(1) ON BOARD. Tim Pratt’s space opera The Fractured Void will kick off a new series of books from Aconyte based on the Twilight Imperium strategic boardgame. Pratt does a Q&A here about his novel, coming in November.
How do you get into the headspace of a completely alien species… ones who might not even have heads?
All the playable aliens in Twilight Imperium have something in common with humanity: they want stuff. Desire is the common language that drives character motivations (and character is what drives plot).
Whether you’re a telepathic serpent or an ocean-dwelling scientist with tentacles, the universality of desire makes you comprehensible.
Admittedly, there are some factions that are harder to write point-of-view characters for, because their mental process is so alien – the Nekro Virus and the Arborec come to mind – but there are tricks for writing entities that are insane by human standards or possessed of a group consciousness (stream of consciousness, first-person plural viewpoints, and so on). Science fiction is all about imagining alien mindsets, or familiar mindsets confronted by alien circumstances and writing Twilight Imperium will give me the chance to do both.
(2) FULLY PACKED. This week in “The Full Lid 17th April 2020”, Alasdair Stuart leads off with “The Patron Saints of Freelancing,” about the lessons freelancers can take away from the hard-travelling heroes of The Mandalorian and The Witcher.
The Mandalorian and The Witcher have a lot in common. Monosyllabic leads, a bone-dry sense of humor, plots about reluctant dads, tons of cool armor, not quite enough screen time for supporting female characters…
But underneath all that there’s another narrative, one that resonates with me on a deep level. Both shows are about freelancers. And not (just) the biblical ass-kicking you get handed either: the social pressures of the job, the ways you survive it and the people you meet….
He also takes a look at how The Letter for the King almost lands some really brave choices, and the new oceanic horror movie, Sea Fever. Interludes this week are Sam Rockwell, Margaret Qualley and Christopher Walken cutting various degrees of rug in some epic dance routines and, as ever, Signal Boost is crammed full of treasures.
The Full Lid publishes weekly at 5 p.m. GMT on Fridays. Signup is free and the last six months are archived here.
(3) READERCON CANCELLED. The Readercon committee has announced that the event, which was to be held in Boston this July, has been cancelled. The series will resume next year.
Since our initial announcement on March 15, the United States has become an epicenter for COVID-19. The Governor of Massachusetts has prohibited gatherings of more than 10 people through at least May 4, as of this announcement. Experts predict that continued social distancing efforts may be required until such time as there is an effective vaccine, a milestone we are not expected to reach in time for this summer.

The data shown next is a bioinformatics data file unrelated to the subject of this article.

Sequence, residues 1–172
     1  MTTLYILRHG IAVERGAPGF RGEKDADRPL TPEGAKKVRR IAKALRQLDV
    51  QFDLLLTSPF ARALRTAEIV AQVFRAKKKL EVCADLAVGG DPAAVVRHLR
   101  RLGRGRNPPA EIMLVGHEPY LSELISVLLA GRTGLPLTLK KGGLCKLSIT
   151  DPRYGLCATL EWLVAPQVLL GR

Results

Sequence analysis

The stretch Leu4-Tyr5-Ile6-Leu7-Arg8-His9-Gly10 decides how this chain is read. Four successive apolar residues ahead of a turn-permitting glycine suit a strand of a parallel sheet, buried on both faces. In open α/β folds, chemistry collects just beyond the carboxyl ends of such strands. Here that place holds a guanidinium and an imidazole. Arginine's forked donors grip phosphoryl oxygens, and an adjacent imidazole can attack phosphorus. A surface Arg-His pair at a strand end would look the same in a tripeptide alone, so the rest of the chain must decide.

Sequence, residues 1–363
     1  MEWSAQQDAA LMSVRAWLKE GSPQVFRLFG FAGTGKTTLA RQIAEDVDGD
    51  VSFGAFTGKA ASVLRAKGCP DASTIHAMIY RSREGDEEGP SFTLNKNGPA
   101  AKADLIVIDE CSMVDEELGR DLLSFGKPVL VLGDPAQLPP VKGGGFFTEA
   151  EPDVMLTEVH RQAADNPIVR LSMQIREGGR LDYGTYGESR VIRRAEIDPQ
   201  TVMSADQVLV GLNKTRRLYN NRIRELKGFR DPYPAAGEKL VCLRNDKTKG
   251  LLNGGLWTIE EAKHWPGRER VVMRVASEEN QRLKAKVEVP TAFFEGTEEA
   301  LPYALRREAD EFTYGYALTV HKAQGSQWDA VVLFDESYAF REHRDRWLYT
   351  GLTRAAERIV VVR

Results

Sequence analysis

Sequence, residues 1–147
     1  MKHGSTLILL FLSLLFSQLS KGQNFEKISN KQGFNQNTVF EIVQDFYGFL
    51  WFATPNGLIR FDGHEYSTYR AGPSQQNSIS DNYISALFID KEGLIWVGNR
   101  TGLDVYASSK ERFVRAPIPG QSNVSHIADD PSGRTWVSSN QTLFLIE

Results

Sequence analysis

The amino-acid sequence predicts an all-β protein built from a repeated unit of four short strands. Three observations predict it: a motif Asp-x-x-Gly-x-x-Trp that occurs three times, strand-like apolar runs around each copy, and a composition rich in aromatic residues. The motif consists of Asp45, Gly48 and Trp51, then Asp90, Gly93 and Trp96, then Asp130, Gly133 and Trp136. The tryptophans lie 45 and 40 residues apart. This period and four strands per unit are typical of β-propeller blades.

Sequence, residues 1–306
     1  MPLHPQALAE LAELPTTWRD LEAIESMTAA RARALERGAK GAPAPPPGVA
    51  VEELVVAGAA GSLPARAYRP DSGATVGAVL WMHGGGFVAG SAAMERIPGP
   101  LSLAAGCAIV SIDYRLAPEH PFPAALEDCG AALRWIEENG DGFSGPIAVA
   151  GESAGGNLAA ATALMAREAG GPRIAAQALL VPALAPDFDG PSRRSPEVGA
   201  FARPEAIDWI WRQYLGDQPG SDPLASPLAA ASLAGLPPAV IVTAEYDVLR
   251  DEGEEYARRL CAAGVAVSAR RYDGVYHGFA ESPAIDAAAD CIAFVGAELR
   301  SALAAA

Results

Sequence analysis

Because the safety of all our members—and their families—is our top concern, we have decided to postpone Readercon 31 for a year. It will now be held July 8 to 11, 2021 at the Marriott Boston Quincy, and Jeffrey Ford and Ursula Vernon have graciously agreed to remain our Guests of Honor, with Vonda N. McIntyre as our Memorial Guest of Honor….
(4) LONELINESS OF THE LONG DISTANCE ISOLATOR. [Item by Martin Morse Wooster.] In the Washington Post, Christian Davenport interviews astronauts and explorers who have spent a lot of time in isolation for tips about how to survive the age of social distancing. (Two tips: don’t count the number of days you are isolated and have as many celebrations as possible.) “Even astronauts get ornery: Coronavirus advice from those who have endured social distancing in the extreme”.
…“I have no idea how many days I’ve been in quarantine. None,” said Scott Kelly, the former NASA astronaut who spent 340 days in space, the record for the longest single spaceflight by a U.S. astronaut. “I don’t think about it. I just think, this is my reality. This is my mission. And it will someday be over.”Today, instead of being confined on the International Space Station with a handful of crewmates, he’s restricted to his 1,200-square-foot, two-bedrooms-with-den apartment in Houston with his wife. But his philosophy is the same, as is his strict adherence to routine, laid out daily on a shared Google calendar. He sets his alarm for 7 a.m., eats breakfast, “then work goes to noon, and then lunch, and then work, and then physical training, then plan for the next day, then dinner, then free time.”
(5) HUGO COVERAGE. “Vermont Author Katherine Arden Nominated for Hugo Award” – Andrew Liptak’s report was published in the Vermont pop culture publication Seven Days.
The conclusion of the trilogy qualified it for this year’s Best Series award, which is the Hugo’s newest addition, established in 2017.
In reaction to the nomination, Arden said, “The first time the Hugos came onto my radar was when I read Ender’s Game over and over as a kid. It had ‘WINNER OF THE HUGO AWARD’ emblazoned on the cover.”
That introduction is common to genre fans: The award can help readers cut through the overwhelming pile of stories and find the best ones. “The possibility that a book of my own will have a similar bit on its cover is thrilling and surreal,” Arden said.